A stunning example of eco architecture, the Jean-Marie Tjibaou Cultural Centre was built as a tribute to honour the assassinated Kanak leader, Jean-Marie Tjibaou, and to celebrate the culture of the Kanak people. Sitting on a narrow peninsula of approximately eight hectares, the Centre's series of tall, curved pavilions rise majestically above the lush woodlands.
Modelled on a Kanak village
The Centre was designed by Italian architect Renzo Piano, who also designed Paris’ Pompidou Centre, and is modelled on a traditional Kanak village. Using traditional and modern materials, Piano utilised intelligent eco design strategies to create a cool environment in the Centre's pavilions and integrate them with nature.
The Centre's pavilions
The Centre's ten pavilions of various sizes are situated asymmetrically along a main path. Each serves a function or evokes a specific theme. Some include exhibitions and some contain studios for traditional activities such as music, dance, painting and sculpture. Displays in the pavilions include photographs, sculptures and paintings relating to the Kanak culture as well as other cultures from around the Pacific.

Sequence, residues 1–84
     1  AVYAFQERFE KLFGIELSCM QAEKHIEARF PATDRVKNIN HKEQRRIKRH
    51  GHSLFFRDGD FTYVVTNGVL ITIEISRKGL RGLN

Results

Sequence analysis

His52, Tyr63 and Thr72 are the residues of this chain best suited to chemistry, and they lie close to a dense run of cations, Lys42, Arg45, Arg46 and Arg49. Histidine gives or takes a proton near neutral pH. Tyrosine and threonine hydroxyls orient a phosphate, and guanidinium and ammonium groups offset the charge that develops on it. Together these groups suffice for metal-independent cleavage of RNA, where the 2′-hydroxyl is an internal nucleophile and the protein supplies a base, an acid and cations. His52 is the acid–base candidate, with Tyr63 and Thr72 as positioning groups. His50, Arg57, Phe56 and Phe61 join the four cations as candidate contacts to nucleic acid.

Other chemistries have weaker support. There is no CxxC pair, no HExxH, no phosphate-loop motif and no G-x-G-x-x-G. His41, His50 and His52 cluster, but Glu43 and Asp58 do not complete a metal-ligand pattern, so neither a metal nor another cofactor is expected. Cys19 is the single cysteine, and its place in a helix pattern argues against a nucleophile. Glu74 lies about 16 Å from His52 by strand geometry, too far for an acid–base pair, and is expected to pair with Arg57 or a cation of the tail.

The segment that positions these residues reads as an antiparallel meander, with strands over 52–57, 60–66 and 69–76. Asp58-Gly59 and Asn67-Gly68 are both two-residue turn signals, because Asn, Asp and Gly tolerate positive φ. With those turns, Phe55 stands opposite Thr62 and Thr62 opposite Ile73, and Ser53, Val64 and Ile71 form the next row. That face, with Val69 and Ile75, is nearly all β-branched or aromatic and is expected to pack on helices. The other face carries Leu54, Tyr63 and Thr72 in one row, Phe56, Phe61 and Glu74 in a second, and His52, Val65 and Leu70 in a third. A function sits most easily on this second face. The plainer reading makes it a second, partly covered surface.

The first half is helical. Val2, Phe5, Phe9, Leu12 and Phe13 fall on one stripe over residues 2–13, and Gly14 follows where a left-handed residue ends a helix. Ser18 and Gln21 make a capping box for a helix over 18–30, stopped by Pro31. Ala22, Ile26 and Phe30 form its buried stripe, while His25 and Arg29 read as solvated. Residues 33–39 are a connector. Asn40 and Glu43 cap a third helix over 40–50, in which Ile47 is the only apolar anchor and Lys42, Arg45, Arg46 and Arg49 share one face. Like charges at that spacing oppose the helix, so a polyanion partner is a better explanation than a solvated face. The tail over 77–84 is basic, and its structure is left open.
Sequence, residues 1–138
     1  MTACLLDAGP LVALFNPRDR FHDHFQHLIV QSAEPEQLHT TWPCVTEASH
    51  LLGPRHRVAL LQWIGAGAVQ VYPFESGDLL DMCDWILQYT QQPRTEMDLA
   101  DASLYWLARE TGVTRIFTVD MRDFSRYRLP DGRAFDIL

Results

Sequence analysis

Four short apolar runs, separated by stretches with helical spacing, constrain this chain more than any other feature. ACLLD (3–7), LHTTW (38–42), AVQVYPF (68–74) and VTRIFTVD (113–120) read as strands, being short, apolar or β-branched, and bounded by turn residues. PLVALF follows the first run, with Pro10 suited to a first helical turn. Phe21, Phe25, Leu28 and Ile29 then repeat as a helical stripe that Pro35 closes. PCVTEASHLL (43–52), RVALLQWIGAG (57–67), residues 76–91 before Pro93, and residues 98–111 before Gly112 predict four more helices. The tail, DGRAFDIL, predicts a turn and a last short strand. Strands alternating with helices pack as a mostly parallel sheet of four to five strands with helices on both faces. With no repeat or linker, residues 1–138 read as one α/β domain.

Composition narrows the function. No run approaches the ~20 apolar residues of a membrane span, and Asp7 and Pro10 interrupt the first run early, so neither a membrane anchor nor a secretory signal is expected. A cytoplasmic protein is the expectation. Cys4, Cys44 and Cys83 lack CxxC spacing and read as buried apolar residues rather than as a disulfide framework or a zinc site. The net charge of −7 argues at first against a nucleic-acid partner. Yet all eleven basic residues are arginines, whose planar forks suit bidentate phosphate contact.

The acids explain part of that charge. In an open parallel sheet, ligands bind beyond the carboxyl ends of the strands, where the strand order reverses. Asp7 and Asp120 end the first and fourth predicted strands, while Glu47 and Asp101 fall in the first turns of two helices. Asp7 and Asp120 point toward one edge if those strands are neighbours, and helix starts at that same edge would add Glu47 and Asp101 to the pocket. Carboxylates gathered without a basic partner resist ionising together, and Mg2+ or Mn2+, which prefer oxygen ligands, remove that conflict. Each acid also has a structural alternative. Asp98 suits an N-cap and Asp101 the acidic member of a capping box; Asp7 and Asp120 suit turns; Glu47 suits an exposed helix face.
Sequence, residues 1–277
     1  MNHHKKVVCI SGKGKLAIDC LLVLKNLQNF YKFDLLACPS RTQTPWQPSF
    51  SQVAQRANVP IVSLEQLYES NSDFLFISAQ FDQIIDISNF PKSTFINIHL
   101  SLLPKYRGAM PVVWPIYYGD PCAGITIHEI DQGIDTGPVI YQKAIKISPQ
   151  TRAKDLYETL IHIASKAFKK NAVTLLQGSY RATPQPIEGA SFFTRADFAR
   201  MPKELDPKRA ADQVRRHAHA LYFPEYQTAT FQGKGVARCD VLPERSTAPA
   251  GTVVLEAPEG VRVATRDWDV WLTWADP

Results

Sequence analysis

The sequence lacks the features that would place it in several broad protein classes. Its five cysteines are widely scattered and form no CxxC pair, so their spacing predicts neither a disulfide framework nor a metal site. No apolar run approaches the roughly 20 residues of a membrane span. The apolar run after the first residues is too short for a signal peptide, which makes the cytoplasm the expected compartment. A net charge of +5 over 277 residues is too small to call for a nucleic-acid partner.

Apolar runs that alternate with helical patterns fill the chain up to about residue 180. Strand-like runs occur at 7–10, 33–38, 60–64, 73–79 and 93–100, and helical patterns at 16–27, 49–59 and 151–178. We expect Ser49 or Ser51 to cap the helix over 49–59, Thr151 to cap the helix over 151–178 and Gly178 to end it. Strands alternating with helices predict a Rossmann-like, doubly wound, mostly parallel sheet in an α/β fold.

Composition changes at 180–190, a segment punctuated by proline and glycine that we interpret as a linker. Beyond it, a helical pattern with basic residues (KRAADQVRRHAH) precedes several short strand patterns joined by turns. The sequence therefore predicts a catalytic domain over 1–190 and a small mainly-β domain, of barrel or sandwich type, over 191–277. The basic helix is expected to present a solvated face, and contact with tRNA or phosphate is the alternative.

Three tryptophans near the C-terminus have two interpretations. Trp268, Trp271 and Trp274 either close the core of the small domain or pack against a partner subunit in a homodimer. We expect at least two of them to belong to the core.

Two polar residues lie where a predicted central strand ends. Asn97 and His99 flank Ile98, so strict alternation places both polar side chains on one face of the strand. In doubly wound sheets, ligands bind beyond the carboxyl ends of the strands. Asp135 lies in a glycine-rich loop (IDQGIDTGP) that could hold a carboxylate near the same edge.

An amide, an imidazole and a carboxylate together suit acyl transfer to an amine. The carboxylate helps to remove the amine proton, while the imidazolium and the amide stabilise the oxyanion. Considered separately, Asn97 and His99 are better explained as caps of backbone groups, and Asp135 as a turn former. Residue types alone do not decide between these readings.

Also housed at the Centre are administrative departments and research areas as well as an auditorium, amphitheatre, conference room and multimedia library.
The Centre features various exterior spaces, which explore the relationship of the Kanak culture to nature. These include traditional Kanak ceremonial grounds with traditional huts and an outdoor auditorium and residences for visiting artists, lecturers, scholars and students.
The Tjibaou Cultural Centre takes in around 100,000 visitors a year and employs 65 people. There is a shop and cafe on the premises and all the staff speak English quite well. Blue-line city buses and the Noumea Explorer bus run regularly to the centre.